In response to 9/11, the United States instituted one of the most massive changes in government with the creation and development of the Department of Homeland Security. Since then, a combination of massive attrition, personnel retirements, and complacency due to lack of new disasters has created a void of experienced government emergency personnel that must be addressed.
The financial costs of natural disasters have been steadily climbing in recent decades. For policy makers to reverse this trend, they must understand the nature of the risks they face, the short-term and localized lenses through which financial decisions are viewed, the pricing signals for risk, and the standardized building measures needed to strengthen development practices.
Two decades of federally funded research and development culminate in a real-time chemical, biological, radiological, nuclear, and explosive (CBRNE) system for detection, surveillance, and crisis management for the nation's critical infrastructure. Argonne National Laboratory continues to tailor this system for various transit and other critical infrastructure environments.
Pennsylvania serves as a case study for a new project that could help fortify the nation's aging infrastructure. A new cost-effective approach for rehabilitating bridges is improving safety, mobility, and resiliency for communities across the state as other states learn key lessons in order to implement similar programs within their jurisdictions.
Globally, government agencies are at a nexus in how to plan for and address society's dependence on infrastructure to sustain economies, support and protect people, and implement strategies to provide for an appropriate level of reinvestment. Partnerships with the private financial world would help develop an effective framework for investments and acceptance of risk.
Getting it fast and getting it right go hand in hand. The new video from the Center for Public Safety Innovation (CPSI), called Law Enforcement & Media Today: The Complexity of Credible Coverage, shows journalists how to get the best information from law enforcement when time matters.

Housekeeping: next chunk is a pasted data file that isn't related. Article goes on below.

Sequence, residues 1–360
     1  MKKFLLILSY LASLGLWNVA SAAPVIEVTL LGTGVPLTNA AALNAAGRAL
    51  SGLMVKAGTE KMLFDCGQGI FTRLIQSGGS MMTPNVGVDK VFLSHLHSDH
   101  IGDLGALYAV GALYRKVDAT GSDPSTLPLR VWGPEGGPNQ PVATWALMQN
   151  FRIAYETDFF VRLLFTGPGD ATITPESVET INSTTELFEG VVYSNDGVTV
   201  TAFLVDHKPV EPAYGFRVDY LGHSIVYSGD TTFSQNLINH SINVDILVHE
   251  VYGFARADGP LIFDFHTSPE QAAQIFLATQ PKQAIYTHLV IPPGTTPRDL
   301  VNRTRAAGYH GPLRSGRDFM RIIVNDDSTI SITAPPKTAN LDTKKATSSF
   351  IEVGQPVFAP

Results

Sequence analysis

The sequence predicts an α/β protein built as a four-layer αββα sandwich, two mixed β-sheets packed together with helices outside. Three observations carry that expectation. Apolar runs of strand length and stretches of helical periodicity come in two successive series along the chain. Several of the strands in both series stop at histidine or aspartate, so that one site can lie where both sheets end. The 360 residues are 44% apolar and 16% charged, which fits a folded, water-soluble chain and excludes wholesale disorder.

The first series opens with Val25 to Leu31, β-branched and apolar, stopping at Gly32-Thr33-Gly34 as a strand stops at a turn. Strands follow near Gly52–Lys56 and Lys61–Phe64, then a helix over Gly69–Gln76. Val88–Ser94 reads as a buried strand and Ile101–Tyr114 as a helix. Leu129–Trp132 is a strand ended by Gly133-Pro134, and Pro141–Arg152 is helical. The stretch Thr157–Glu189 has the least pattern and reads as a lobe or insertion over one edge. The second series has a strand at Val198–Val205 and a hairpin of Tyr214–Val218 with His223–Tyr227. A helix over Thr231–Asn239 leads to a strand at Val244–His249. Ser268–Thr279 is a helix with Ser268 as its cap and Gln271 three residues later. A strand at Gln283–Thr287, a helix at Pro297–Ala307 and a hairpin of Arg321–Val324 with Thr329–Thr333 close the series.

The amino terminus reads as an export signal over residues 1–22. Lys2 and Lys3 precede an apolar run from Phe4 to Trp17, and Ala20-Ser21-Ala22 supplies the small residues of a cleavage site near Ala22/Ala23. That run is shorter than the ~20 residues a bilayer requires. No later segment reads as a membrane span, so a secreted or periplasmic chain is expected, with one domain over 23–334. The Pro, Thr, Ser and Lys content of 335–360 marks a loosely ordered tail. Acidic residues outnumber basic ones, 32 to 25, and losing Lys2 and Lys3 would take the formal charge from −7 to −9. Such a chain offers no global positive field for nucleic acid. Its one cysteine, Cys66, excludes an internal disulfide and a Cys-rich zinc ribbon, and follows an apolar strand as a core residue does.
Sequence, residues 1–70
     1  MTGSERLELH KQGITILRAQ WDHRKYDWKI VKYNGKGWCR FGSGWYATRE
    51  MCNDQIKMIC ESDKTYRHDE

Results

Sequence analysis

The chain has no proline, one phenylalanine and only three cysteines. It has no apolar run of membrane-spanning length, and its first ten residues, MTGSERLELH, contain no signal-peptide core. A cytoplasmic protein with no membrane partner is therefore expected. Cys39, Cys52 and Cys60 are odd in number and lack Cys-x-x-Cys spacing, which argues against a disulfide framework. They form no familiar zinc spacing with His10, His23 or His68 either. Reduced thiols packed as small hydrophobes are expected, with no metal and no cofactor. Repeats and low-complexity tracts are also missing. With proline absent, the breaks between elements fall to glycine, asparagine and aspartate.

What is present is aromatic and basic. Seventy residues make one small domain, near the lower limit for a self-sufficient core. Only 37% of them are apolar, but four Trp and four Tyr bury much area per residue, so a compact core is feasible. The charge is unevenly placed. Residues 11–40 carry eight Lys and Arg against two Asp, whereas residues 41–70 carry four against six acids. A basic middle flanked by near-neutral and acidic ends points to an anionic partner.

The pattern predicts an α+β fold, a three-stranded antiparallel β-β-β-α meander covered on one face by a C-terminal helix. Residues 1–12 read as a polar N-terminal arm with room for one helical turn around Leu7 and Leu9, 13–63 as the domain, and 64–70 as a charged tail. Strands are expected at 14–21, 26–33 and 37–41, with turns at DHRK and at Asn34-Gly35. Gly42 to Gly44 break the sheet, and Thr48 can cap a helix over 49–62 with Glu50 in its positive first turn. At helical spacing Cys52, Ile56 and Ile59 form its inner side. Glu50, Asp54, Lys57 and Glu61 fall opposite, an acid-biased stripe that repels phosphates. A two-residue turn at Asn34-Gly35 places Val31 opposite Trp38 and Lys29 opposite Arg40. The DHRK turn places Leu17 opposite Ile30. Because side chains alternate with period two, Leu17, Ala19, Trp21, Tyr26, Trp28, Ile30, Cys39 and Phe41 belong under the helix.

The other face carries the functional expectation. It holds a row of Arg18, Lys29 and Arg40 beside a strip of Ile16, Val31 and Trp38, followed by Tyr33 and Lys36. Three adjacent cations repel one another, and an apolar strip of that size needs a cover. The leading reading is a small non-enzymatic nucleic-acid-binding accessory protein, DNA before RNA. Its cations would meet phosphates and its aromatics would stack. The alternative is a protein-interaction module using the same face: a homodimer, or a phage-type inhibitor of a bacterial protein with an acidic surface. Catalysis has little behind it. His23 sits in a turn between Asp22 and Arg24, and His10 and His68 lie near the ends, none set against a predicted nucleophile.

Law enforcement officers, paramedics, and other responders have received extensive training in dealing with active shooters and the wounds resulting from active shooter incidents. However, the potential force multipliers in all these attacks that are just beginning to receive attention are the potential victims at the scene.
Harvard's National Preparedness Leadership Initiative (NPLI) plays a key role in bringing together thought leaders and professionals to address complex challenges and enhance the nations preparedness efforts. One NPLI meta-leadership project contributed to a new nationwide campaign that empowers bystanders to act and potentially save lives when someone is critically injured by an active shooter.
Devastating incidents have occurred as long as humans have been on Earth. However, the way in which people respond to them has changed dramatically with the introduction of modern technology. Cries for help may be hidden in hashtags and geolocation, so filtering social media can be critical for response efforts.
Time pressures during emergencies are not an excuse to release inaccurate information to the public. Regular communication and engagement with media sources help facilitate the flow of reliable information. Relationships built on mutual trust and respect between news reporters and public affairs officers ensure timely and accurate public reporting during a crisis.